Government waives specific duty rate for imported textile and garments fabrics

Uganda Revenue Authority has revealed that through a ministerial directive ref TPD.81/167/04 dated 4th August 2021, textiles and garments which are not manufactured in Uganda and as such cannot be adequately sourced locally have been maintained at an import duty rate of 35%.

These textiles account for 90% of the clearances by the textile and garments traders. However, the textiles and garments that can be sourced locally from Ugandan manufacturers which account for 10% of the imports by the traders will be maintained at the rate of 35% or $3.0 per kilogram for textiles or 35% or USD 3.5% per kilogram for garments as approved by the council of Ministers under Legal the East African Community Gazette Legal Notice No. EAC/118 /2021 dated 30th June 2021.

The Saturday Vision on 28/08/2021 reported that 700 containers of textile/garments are stuck at URA, quoting the Spokesperson of KACITA. A figure that is far from the truth. URA is in possession of 125 containers and so
far, 9 have been cleared due to the new tax regime as pronounced by the Minister of Finance Planning and Economic Development.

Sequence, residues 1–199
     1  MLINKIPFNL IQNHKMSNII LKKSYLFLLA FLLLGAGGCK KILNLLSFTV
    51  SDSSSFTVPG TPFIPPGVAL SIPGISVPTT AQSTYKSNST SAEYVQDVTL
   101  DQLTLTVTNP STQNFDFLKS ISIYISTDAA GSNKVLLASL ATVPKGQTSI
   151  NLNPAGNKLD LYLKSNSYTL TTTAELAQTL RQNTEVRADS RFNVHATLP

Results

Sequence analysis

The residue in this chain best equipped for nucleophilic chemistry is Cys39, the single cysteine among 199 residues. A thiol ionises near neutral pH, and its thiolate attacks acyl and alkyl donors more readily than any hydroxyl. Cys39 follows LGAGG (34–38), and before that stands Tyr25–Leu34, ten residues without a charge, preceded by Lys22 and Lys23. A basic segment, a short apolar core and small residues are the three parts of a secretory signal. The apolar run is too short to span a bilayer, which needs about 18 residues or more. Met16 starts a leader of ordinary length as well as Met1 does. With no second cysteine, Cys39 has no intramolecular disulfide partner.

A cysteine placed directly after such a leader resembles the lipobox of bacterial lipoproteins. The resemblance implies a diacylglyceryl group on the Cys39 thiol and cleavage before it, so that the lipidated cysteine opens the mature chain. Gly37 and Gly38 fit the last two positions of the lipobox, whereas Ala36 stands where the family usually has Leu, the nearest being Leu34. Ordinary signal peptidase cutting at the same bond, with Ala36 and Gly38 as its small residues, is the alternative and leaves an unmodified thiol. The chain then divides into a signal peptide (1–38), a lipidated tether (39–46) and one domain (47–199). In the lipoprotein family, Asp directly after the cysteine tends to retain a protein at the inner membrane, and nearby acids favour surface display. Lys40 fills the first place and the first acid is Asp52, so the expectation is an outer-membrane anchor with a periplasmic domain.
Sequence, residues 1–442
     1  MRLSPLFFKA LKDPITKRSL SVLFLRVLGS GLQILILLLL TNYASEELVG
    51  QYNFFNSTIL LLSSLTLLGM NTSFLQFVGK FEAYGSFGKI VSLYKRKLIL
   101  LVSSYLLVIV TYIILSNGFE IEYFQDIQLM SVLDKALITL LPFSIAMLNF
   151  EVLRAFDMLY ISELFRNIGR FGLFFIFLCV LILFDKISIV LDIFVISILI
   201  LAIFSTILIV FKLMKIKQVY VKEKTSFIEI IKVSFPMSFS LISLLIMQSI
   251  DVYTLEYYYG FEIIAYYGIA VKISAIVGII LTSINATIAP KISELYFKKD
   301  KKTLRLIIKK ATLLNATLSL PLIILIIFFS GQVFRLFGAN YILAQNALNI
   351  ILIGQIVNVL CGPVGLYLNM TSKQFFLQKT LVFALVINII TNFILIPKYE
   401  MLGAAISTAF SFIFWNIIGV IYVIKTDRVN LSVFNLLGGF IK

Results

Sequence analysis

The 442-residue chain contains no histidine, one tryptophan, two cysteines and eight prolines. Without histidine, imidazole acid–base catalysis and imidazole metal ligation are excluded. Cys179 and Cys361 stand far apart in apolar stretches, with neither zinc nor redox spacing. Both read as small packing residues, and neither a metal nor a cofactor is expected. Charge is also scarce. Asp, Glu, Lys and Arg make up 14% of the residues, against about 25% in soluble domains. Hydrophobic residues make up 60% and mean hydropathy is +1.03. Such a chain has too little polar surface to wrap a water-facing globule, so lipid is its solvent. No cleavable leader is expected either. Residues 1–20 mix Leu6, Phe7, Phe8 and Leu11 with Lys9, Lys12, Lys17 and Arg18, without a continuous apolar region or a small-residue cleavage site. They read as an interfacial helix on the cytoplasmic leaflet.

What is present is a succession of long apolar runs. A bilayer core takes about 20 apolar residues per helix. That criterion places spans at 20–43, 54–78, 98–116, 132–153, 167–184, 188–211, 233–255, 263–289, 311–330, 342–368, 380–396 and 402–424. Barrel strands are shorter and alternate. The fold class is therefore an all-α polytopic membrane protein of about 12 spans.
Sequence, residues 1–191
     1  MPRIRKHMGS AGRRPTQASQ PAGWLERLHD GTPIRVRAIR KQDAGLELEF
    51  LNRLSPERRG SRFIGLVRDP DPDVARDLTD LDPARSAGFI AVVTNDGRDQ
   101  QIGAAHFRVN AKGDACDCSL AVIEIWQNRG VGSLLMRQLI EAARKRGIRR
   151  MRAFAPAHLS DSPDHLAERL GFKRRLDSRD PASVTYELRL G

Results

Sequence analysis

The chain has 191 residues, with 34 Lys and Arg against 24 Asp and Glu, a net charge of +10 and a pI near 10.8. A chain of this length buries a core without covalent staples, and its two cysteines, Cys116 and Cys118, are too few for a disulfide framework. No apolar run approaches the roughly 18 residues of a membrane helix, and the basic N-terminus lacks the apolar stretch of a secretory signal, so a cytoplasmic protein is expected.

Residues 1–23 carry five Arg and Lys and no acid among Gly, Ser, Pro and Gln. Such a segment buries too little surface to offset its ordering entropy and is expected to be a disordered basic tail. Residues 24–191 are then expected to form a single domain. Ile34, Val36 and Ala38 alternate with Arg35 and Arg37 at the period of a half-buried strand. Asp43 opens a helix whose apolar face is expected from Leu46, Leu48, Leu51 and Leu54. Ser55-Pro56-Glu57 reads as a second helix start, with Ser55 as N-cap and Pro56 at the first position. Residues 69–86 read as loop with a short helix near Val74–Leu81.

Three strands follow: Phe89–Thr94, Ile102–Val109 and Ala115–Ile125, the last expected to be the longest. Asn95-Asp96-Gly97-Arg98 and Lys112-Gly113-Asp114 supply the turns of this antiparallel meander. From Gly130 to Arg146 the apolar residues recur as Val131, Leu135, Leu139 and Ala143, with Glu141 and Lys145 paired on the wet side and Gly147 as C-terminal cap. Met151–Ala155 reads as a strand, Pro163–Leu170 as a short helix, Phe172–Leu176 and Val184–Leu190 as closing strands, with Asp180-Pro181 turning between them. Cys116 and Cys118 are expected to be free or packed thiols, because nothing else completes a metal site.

The Minister of Finance Planning and Economic Development has waived the specific duty rate of USD 3/3.5 per kg for the 90% of the textile and garments products, therefore these will remain at the 35% rate and as such, there is no increment of the taxes.

The 35% was the tax rate applicable on textile for the Financial Year 2020/2021 and therefore status quo has been maintained.

From the 18th of August 2021 to date, 9 of 125 containers have been cleared out of customs after the implementation of the Ministerial directive that removed the specific duty rate on 90% of the textiles and garments.

This number is expected to grow as more traders realize that the rate has been maintained as it was last financial year.

According tp URA, the products in question are produced in sufficient quantities in Uganda and will help boost manufacturing of the same in the country. Uganda will be able to promote the cotton textile
value chain from cotton growing to the manufacture of fabrics that will be exported after value has been added.

Textiles have proved to be one of the most critical sectors in job creation in Africa. An example is Ethiopia, where the sector employs more than 2.5 Million people, with women accounting for 70 per cent.

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